Sebastian Vettel questions merits of Jos’ tough-love raising of Max Verstappen

Jamie Woodhouse
Max Verstappen smiling at his dad Jos Verstappen. Yas Island, December 2021.

Red Bull's Max Verstappen smiles as he looks up at his dad Jos Verstappen. Yas Island, December 2021.

Jos Verstappen used a tough-love approach to mould his son Max Verstappen into a racing star. Sebastian Vettel questions this method.

It has been well-documented that Jos, keen to ensure that Max had a better racing career than he did, did not take it easy on his son, working him hard and intensely through his younger years to become the star of Formula 1 that he is today, and really the originator of a new era of young talent in Formula 1.

Max broke all records when he took his place on the grid for the 2015 Australian Grand Prix with Toro Rosso, then aged 17.

Some of Jos’ methods in Max’s karting days were a little more extreme than others, such as a public tap on the top of the helmet after a poor practice session, or leaving him at a fuel station after a championship-costing incident for his mum to pick him up a few minutes later.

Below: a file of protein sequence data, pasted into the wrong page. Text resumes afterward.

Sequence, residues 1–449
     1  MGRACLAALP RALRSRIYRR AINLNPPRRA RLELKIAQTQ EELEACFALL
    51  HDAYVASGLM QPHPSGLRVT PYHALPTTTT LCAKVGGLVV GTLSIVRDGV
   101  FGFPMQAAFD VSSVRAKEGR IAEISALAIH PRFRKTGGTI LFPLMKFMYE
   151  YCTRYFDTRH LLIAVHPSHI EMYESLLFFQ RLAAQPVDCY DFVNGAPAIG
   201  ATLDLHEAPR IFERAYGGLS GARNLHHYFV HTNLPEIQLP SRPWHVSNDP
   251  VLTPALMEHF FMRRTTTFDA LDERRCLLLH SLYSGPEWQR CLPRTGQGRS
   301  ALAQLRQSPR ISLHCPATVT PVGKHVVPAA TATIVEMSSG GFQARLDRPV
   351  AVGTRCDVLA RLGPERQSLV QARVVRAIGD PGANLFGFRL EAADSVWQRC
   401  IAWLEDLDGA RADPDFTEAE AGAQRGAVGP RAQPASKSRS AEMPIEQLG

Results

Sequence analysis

The weather conditions, however harsh, were also not an excuse for Max in his younger years.

For Vettel, though, has his doubts over the value of Jos’ tough love.

“What do we think makes someone more resilient?” Vettel pondered in reference to Max’s career and upbringing when speaking to Road and Track.

“I didn’t get beaten up. But if you do get beaten up your whole life, does that work? Or does it work to be loved and explained the ways of how the world works?

“If you compare the two, who is more resilient? Is resilience fighting back like somebody hits you, you hit back? Or is resilience strength in understanding what just happened, reflecting and taking things on from there?

“Being a father myself, obviously I have these challenges every day, and if you say, okay, my children are allowed to talk back, well, then you also need to face the fact that they are talking back.

“So I think it is fascinating, because it’s so much of who we are later on and how we manage situations. And I’m not talking about how many races we might win. Our childhood is fundamental. So much can be done right, and so much can be done wrong.”

Vettel is now moving towards his retirement from Formula 1, as just five races remain before he bids farewell to the series, at least from a racing perspective.

Read more: Martin Brundle says ‘Max Verstappen 2.0 is still quite a temper’